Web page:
2016 A to Z Challenge Reflection

I’m back from my extended vacation after blogging from A to Z! I know you’ve been missing my stories. As soon as April ended, I fell into deep writer’s block. I committed myself to so many projects in April, not just the A to Z Challenge, and it completely drained me of inspiration — and motivation — to write. Hopefully, now that the hustle and bustle of April is complete, I can get back to my regularly scheduled blogging, coffee in hand.

So what can I say about the A to Z Challenge? This is only my second year participating, but I feel like a seasoned A to Z pro! I think I had more fun writing about Grandma’s 26 dead husbands than I did last year’s melodramatic novella, though, both stories ended up being quite popular, for which I am eternally grateful. It’s nice to know that I’m not talking to myself when I publish new blog posts. 😉

I wasn’t able to finish on time this round, and likewise, my reflection post is also late. The Schedule Post feature is the Holy Grail for bloggers who have lives outside of blogging, and my goal for next year is to actually USE IT! I tried to schedule ahead for this year’s challenge, but alas, my brain only functions when I’m procrastinating, apparently. I’ll work on that. I’ll work on it while I spend the rest of the year thinking of unique themes to use  next April.

Of course, I met a few new blogging friends along the way, whose stories I wish never ended. I like that the A to Z Challenge has become just as much a community as it is a writing challenge. While I wasn’t able to reply to everyone’s comment, I did read them all. So thank you to everyone who stuck around to the final letter, and to you who liked 26 Husbands — 26 Unusual Deaths so much you decided to follow me, I won’t let it be for nothing; new stories and poems are on the way!

A few of my blogging buddies suggested that I publish 26 Husbands — 26 Unusual Deaths as an e-book. Self-publishing has often crossed my mind, but I’ve always put it on the back burner, convincing myself that I have to actually write something first before I can publish it. Silly me for forgetting that I already have a ton of material right here on my blog! 26 Husbands — 26 Unusual Deaths, wouldn’t be the only story I’d publish, though. Last year’s A to Z story could possibly become an e-book, as well as a series I completed earlier in March, Buried. I don’t want to overcommit myself again, so I’d have to remember to pace myself — one at a time. We’ll see what happens. Who knows, one of these stories might be in a Kindle store near you this Christmas . . .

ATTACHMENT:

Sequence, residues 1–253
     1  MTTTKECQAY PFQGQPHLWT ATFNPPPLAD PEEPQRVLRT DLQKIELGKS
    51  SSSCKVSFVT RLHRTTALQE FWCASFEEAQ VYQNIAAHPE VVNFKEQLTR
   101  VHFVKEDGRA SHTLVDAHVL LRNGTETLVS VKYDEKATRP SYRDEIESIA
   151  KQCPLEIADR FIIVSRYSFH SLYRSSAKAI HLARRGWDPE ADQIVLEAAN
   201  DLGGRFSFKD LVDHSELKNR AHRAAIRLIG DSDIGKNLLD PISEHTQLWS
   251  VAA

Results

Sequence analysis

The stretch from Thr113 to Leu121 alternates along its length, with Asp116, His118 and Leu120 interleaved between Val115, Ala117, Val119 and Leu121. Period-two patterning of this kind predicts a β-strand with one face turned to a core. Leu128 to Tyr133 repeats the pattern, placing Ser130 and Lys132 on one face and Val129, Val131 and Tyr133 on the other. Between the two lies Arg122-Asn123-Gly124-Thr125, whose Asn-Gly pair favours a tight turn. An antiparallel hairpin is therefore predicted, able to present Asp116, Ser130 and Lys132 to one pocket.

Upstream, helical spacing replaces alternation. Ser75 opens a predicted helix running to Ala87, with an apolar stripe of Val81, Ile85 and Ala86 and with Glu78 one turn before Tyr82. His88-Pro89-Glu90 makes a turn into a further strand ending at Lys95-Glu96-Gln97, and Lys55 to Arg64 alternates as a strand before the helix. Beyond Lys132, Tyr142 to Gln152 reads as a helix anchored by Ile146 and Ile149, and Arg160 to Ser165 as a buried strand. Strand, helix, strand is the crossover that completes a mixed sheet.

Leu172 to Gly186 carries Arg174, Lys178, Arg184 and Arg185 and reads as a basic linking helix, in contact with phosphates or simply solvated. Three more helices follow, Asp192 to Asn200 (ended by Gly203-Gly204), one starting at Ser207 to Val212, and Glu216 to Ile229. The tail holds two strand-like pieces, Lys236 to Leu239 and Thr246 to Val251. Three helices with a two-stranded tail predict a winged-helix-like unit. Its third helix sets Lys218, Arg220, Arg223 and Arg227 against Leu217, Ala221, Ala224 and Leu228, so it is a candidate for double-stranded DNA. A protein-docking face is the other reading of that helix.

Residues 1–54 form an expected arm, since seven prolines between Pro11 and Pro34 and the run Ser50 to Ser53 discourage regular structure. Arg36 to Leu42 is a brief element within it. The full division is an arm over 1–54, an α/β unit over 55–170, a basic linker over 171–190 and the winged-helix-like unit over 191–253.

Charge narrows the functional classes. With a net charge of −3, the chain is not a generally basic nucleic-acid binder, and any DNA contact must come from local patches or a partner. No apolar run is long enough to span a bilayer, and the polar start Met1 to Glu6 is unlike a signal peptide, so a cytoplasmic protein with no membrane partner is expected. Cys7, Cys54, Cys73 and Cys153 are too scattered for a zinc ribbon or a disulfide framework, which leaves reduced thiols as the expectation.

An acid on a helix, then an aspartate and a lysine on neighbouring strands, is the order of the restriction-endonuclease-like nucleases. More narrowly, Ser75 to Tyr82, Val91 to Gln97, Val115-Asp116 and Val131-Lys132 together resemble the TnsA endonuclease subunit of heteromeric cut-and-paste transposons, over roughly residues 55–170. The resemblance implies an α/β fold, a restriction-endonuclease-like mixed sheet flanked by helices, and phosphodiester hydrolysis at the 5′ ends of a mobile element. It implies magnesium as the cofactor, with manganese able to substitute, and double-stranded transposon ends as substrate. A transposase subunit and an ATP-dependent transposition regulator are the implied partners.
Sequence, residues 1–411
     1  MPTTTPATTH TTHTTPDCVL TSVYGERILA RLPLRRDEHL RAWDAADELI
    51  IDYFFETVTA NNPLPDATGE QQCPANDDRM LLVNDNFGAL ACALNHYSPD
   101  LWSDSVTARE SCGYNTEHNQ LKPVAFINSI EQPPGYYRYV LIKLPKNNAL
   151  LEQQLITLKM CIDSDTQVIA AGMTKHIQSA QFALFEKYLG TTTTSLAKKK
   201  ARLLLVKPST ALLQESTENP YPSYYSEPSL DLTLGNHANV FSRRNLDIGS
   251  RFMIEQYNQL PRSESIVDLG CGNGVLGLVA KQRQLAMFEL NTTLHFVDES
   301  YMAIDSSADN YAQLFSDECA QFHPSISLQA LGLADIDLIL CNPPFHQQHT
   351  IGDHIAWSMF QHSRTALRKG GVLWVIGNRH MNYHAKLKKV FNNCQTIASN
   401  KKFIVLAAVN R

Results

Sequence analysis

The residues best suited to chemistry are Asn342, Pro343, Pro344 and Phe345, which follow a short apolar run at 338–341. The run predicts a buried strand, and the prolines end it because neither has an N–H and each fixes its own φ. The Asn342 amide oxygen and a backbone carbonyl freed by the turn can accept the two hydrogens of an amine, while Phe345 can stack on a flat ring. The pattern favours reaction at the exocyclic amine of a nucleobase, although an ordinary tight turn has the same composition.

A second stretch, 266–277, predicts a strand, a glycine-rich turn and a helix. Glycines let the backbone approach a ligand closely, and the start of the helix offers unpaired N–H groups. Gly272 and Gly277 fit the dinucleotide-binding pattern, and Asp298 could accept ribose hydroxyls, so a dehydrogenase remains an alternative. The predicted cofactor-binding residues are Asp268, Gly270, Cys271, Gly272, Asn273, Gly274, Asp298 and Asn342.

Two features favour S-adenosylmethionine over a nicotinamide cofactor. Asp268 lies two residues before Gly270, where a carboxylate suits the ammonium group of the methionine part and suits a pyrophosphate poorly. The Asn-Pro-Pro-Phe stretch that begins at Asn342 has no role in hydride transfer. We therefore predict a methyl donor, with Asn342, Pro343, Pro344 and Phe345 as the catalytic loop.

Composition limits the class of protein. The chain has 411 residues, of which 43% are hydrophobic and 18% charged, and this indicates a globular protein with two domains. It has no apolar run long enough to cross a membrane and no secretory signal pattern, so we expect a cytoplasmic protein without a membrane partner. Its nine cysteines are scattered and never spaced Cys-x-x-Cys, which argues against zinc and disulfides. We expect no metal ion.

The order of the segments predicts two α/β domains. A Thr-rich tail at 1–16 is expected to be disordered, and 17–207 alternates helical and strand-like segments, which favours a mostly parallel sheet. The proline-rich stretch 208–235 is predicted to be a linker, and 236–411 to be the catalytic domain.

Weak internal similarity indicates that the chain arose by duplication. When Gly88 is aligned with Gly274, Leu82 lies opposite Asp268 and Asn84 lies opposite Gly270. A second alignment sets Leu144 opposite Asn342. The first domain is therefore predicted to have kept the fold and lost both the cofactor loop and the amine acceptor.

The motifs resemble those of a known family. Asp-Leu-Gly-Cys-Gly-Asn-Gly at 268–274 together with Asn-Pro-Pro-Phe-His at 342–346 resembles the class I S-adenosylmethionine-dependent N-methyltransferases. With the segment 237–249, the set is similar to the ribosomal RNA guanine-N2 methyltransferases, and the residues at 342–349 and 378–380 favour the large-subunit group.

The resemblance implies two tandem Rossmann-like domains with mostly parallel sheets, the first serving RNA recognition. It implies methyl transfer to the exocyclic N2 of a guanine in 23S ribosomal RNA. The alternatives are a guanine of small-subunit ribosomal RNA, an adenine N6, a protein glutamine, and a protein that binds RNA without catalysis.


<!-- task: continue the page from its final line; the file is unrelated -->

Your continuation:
Well, that’s it for my 2016 A to Z Challenge reflection! Thanks for reading, as always. I’ll see you next year for another fun-filled April A to Z!

 

#WODW: Publication Triumphs

Write or Die Wednesday is a biweekly link-up where we’re provided a prompt, and we roll with it. The prompt for the next two weeks is:

june3

There have been many times that I’ve felt on top of the world, both literally and figuratively, but when I read this prompt, what immediately came to mind was the day I received my first acceptance letter from a literary magazine. I nearly erupted! I couldn’t believe it!

And it came at the perfect time, too. I was about to give up on my dreams of becoming a published writer. Although I’ve had a few articles published in online blogs, my goal was to have my stories and poetry published. My dream was to see my novels flying off the bookshelves. I wanted to be the next bestselling author whose books were made into movies.

My rising stack of rejection letters were really starting to get me down. Stories and poems that had always received praise in writing workshops, were being turned down left and right by various magazines. The cryptic rejection letters had me scrambling to figure out what about my story or poem the editors didn’t like. The non-responses from editors who, in my mind, felt they were too good to acknowledge the fact that I’d showed an interest in their publication made me want to crawl under a rock. What’s the point? I would ask myself. It’s not like I can make a living as a writer today anyway.

Then in January of this year, I got the most exciting news in an email…

It is with great pleasure that we accept ‘Full Court Drama’ for publication in Agave Magazine, Vol.2 Issue 3 {Winter 2015}.

What?! Really?! No Ashton nearby? Oh my god! YEEESSSS!!!

Since then, I’ve had two poems and another short story published, and just recently, I learned that my poem, “How to Cure the Flu,” has been accepted in the Recipes issue of Meat for Tea: The Valley Review. I’m ecstatic!